The second is much more rugged and fully waterproof, and is being made in conjunction with Coleman. It's called the Coleman 50200 Exponent Flex 5 (try saying that five times fast), and is only $99 from amazon. Not bad for this 5 watt solar panel.
"The flexible solar are made with durable CIGS solar cells, a material proven to be very stable and long-lived, even when subjected to the rigors of extreme radiation in space. The solar panels work also under cloudy and rainy skies. The ICP Solar panels are designed to power 12V batteries and Gadgets." [from i4u]
IPC's new technology is excellent stuff for wearables, and the company has already partnered with wearable computing clothing manufacturer, scottevest. They plan to introduce their solar clothing for $300 in the spring of 2005, but any serious cyborg will want some more power.
"The jacket has two small snap-on photovoltaic panels that fit onto its shoulders. These charcoal-gray solar panels convert the sun's rays into energy, which then feed a hidden battery pack about the size of a deck of cards. The batteries are wired to all the pockets, which can have almost any mobile devices plugged into them." [wired news]
So when exactly will we see this tech in backpacks? It seems like a logical jump. I found this other company which sells units designed to go on hiking packs. Not classy like IPC's stuff, but certainly good for the technomadic hiker at 20.2 watts.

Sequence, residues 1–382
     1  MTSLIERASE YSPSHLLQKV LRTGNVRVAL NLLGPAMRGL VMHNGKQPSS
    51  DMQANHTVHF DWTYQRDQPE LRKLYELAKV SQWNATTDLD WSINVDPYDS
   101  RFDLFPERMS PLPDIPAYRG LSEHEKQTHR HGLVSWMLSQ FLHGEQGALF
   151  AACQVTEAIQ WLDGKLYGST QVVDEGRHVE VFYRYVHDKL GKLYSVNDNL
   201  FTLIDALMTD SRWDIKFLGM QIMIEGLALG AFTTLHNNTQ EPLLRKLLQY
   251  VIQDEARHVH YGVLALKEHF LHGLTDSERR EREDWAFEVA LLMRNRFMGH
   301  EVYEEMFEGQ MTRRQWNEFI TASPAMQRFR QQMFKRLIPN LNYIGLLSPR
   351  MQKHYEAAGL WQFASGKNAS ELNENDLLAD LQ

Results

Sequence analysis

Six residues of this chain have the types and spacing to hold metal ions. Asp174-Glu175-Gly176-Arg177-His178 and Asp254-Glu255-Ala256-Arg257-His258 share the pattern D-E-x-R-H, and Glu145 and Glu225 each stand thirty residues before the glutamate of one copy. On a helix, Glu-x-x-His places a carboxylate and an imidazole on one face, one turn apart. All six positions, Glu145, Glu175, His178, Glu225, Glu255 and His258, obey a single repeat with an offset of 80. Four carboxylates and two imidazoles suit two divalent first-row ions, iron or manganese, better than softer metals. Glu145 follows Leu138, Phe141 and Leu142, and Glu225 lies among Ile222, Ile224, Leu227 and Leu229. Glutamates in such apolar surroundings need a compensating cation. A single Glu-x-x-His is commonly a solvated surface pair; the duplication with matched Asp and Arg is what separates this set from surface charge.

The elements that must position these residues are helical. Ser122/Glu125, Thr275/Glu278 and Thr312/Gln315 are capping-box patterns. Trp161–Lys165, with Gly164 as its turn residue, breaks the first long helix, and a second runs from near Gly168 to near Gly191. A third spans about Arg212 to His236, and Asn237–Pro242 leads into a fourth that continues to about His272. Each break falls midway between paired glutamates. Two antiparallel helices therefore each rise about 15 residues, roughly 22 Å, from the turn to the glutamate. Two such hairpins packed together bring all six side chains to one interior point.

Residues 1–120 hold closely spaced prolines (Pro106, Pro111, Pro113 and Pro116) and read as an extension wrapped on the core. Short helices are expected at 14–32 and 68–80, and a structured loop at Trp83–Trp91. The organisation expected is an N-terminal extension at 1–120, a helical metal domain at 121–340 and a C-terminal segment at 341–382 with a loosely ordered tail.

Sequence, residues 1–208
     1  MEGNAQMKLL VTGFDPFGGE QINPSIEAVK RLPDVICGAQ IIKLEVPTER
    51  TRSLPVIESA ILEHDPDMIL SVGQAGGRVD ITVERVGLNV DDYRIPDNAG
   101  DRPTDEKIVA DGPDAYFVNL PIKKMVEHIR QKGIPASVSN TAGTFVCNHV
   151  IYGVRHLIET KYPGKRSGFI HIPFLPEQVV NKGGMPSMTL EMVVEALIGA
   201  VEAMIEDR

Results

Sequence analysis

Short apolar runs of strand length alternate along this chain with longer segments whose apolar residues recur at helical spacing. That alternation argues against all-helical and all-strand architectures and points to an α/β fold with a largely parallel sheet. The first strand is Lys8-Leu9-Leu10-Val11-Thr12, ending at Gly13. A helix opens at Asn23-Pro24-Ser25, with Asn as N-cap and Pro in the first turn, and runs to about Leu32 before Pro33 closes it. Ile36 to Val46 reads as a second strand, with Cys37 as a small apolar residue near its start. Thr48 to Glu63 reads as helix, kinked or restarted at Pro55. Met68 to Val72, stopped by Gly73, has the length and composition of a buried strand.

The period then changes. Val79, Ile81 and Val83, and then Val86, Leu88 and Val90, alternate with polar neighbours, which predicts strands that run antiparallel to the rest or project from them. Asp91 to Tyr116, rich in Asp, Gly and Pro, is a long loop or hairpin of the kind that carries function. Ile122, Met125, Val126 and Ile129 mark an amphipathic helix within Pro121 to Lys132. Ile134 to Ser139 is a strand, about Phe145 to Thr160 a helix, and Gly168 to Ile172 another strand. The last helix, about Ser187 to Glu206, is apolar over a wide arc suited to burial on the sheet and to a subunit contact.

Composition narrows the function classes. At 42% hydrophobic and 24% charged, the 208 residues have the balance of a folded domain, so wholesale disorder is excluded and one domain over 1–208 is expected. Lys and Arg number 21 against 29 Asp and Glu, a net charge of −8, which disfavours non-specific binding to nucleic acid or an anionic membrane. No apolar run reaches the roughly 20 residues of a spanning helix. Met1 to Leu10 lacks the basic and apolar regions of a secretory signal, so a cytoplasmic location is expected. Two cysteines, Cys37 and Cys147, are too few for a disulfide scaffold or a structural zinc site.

One of the issues preventing the uptake of wearables and the creation of a gargoyle subculture is power: what good is a device that requires multiple expensive batteries just for a single day's use? Fuel cells promise an eventual solution, but reducing the cost and size will take years.
News of one potentional solution comes from yuichi's Kokoro blog in the shape of Smart Textile, a technology from Infineon Technologies that produces electricity from the temperature gradient between one's body temperature and air temperature.
The japanese article from ZDNet Japan describing Smart Textiles includes the picture to the right, which shows what is not going to be the future of wearable computing.
Efficient input devices for wearables are another issue. Another entry from Japan is this new one-handed keyboard and mouse based on cell phone design. Japanese youth are fairly adept with cellphone text entry, so this might actually meet a demand. Hopefully some sort of autocomplete will be provided. (Snarfed from Slashdot)